Walk through the produce aisle in a grocery store nearly anywhere in North America and you are likely to find fruits and vegetables imported from abroad alongside numerous iterations of domestic favorites. While the variety of foods available is striking, diets of those living in temperate areas are still considerably less diverse than those living in the tropics where a more genetically diverse set of species are produced and consumed.
A new study published in the October 5 edition of the journal PLOS ONE finds that the impact of globalization is less than expected when it comes to the food we grow and eat. As it turns out, what you eat depends largely on where you live. The study is the result of an ongoing collaboration between biologists and economists from several universities through the National Socio-Environmental Synthesis Center (SESYNC) at the University of Maryland.
"The diversity of the food we eat hasn't changed as much as we expected it would with globalization," said study co-author Jeannine Cavender-Bares, an associate professor in the University of Minnesota's Department of Ecology, Evolution and Behavior, who led the working group together with Regents Professor Stephen Polasky at the University of Minnesota. Both are fellows at the Institute on Environment. "We still tend to tend to eat based on the biodiversity around us even though we could eat anything," she added.
Despite increased access to more kinds of plants, a country's plant production and consumption patterns are still largely determined by local evolutionary legacies of plant diversification. Because a greater diversity of lineages across the tree of life naturally occur in the tropics, tropical countries produce and consume a greater diversity of plant products than do temperate countries. And while temperate countries have the capacity to produce and consume more plant species than the many tropical countries, the plant species cultivated are drawn from fewer branches on the tree of life.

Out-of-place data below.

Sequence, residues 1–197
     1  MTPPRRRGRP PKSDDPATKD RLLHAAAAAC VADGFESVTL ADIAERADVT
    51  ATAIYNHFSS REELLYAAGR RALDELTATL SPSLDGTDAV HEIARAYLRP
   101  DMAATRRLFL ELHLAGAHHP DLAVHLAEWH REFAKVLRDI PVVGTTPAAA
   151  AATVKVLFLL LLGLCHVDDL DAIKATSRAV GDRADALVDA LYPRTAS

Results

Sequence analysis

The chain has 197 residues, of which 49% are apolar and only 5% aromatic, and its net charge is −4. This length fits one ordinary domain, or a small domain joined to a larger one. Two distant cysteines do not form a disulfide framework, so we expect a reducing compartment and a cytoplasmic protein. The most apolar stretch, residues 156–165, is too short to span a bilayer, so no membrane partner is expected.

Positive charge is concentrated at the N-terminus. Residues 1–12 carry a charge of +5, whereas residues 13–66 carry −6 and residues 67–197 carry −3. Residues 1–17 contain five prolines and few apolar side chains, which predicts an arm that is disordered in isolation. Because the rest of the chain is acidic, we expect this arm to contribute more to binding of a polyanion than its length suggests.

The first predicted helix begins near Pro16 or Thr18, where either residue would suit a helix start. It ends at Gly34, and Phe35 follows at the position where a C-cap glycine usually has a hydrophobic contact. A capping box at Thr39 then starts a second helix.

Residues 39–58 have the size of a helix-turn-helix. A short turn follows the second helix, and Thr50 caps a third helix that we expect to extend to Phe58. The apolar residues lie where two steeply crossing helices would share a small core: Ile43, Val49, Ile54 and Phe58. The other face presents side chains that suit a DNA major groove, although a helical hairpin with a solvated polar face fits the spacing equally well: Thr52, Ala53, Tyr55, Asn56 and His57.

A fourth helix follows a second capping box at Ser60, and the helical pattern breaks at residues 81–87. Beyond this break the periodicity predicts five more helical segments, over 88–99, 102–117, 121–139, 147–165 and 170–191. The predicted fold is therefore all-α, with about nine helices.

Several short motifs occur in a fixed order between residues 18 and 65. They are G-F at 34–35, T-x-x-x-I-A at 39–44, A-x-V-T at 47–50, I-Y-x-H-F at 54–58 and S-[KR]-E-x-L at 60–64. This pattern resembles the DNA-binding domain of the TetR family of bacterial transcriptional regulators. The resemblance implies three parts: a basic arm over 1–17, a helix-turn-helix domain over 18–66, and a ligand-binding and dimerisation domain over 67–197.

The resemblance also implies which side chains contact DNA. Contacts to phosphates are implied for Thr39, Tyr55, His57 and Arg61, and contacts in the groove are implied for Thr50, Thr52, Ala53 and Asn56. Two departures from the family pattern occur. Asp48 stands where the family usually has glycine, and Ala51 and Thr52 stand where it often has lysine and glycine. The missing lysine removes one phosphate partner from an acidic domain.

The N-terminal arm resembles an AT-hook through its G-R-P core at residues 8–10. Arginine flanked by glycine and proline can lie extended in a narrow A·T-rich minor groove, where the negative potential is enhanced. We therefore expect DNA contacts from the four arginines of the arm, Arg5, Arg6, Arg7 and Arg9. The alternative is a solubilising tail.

Lead author Erik Nelson, an applied economist at Bowdoin College and former University of Minnesota graduate student advised by Stephen Polasky, calls the results a surprise.
Nelson expected to observe increased specialization in the crops countries produce and a shift in consumption patterns toward a more diverse set of plants facilitated by global trade. In the manufacturing and services sectors globalization has incentivized countries to concentrate production on what they do best and trade for the rest. Typically what countries trade for expands rapidly as they get richer. It appears that these dynamics have not been as forceful when it comes to food production and consumption. "We have not seen a lot of increased specialization in agriculture around the world like we have in other economic sectors areas such as manufacturing, finance and technology," said Nelson. And when it comes to consumption, the richness of items we consume (think multiple apple varieties) has responded to increases in trade and wealth, but not the diversity.
Nelson said there may be a few reasons that practice doesn't fit theory when it comes to the spatial patterns of food production, including the cultural importance of local food, government subsidization policies that de-incentivize specialization in crop production, and lack of access to capital and transportation for farmers in developing countries. But the lack of specialization also has implications for the global food supply. While some redundancy in crop production is a safeguard against devastating losses due to weather and pests, it is also a source of inefficiency; a growing concern as the world population continues to climb and food security becomes an even more pressing issue.
"We need to become more efficient in agriculture to meet demand," said Nelson, "but food may be different than other commodities as it turns out, so we should think about the implications and whether it a good or bad thing in terms of food security."
"The more a team is interdisciplinary, the greater the chance to bring new insight on old theories," said Matt Helmus, assistant professor of biology at Temple University who co-led the study. "What excited me about working with the applied economists on our team was that they introduced me to these long-standing economic theories, that together with my knowledge on biodiversity statistics, we were able to finally test."